Open Space artist Jack McNeill plans to use his place on the scheme to combine his work as a professional clarinet player and his contemporary folk duo McNeill & Heys in a new collaboration project entitled Propellor.
The project aims to create a new ensemble orchestrating a sound story experienced by an audience as they journey through the Suffolk environment. Within and of the landscape of these islands, the project hopes to tour the UK and perform in various inspirational settings, the music weaving threads of local history and our relationship to place, with community participation and interactive elements adding to the musical experience.
Propellor brings together soloists, writers and ensemble players from backgrounds as diverse as the English Baroque Soloists, amplified ensemble – Decibel, folk septet The Fair Rain (The Old Dance School), The Harborough Collective, CHROMA, Birmingham Contemporary Music Group, improvisers from The Destroyers and the Glowrogues, electro-acoustic experimentalists and collaborators with Britten Sinfonia and the Mahler Chamber Orchestra.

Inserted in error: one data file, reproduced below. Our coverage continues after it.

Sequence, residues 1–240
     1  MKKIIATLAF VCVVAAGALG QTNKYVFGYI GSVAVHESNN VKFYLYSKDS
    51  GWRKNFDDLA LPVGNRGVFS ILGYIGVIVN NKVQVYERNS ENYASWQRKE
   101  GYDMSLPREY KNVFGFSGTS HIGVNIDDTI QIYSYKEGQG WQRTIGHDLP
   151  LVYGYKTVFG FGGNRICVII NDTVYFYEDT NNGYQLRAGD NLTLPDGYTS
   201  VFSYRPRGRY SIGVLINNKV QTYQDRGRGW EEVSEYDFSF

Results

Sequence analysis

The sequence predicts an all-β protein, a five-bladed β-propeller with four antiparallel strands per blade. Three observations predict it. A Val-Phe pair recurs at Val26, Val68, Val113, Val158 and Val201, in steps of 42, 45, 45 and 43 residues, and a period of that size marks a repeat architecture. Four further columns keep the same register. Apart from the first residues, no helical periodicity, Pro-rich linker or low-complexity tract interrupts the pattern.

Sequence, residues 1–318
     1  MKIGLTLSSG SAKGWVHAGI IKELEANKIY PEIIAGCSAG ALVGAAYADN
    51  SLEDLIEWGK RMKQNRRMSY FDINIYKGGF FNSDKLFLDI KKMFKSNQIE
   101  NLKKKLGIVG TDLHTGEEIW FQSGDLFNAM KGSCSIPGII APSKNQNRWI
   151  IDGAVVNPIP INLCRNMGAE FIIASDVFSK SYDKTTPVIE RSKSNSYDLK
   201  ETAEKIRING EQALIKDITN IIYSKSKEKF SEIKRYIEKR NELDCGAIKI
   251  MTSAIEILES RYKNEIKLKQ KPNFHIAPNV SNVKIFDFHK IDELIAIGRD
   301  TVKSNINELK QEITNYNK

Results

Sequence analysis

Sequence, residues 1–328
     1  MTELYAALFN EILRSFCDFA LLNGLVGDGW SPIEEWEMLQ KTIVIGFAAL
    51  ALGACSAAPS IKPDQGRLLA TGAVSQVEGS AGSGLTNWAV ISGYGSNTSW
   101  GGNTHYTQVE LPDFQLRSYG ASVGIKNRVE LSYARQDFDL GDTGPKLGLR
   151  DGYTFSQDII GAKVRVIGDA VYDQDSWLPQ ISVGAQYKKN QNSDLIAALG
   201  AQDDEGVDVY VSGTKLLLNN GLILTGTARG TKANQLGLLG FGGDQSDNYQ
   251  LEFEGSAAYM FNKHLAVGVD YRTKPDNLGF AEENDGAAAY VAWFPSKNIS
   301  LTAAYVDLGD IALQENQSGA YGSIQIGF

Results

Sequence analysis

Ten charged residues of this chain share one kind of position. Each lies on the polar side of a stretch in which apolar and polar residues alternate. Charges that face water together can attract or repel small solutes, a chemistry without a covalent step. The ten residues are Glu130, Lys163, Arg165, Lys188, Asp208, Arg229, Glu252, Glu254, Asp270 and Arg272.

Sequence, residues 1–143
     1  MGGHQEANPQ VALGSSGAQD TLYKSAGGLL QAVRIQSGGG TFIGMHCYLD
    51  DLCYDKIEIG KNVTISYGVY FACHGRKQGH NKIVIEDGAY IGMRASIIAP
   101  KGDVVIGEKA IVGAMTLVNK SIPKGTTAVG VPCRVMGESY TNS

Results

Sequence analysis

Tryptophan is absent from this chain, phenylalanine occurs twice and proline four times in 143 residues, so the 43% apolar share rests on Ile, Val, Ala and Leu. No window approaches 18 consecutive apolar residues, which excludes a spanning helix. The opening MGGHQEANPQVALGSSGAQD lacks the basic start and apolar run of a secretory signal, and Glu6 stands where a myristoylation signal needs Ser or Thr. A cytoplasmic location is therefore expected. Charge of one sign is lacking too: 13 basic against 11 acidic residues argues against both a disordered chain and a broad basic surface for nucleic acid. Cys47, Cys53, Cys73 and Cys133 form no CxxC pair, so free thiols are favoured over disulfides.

Watch this space for video and recorded updates, rehearsal clips and developing plans involving outdoor interactive elements, as well as opportunities to be part of the finished work and come along to various open sessions. You can sign up to receive info at www.propellorensemble.uk.
Here is what Jack has said about his experience on Open Space so far:
Open Space has given me the confidence and support to dream big. With a huge amount of enthusiastic and realistic help on hand, industry experts and inspiring mentors placed within reach, the project is finally off the ground and gaining speed. Communication is key, whether it relates to a need simply for time and facilities, or feedback and trouble shooting. The Open Space team have been positive and quickly on hand with details, while still keeping one eye on the long term for the project when the focus has been necessarily specific. When I applied there was no way I could’ve known just how much there was to do, but the residency raises your game and everything now seems tangible and exciting.
The first part of the residency has been spent developing the material. The Open Space team have been really supportive of this process and now with most of the musical foundations laid we are working together to open lines of communication with the community for their involvement, to plan for the technical issues of performing the work outdoors and looking to touring possibilities and speculative venues for the project to live on beyond the residency.
I would encourage anyone with a project in mind to apply for Open Space, it’s been challenging and inspiring in equal measure so far. Put down what it is you think will be the best version of your idea, stay open and fine tune later – that’s what they’re there for.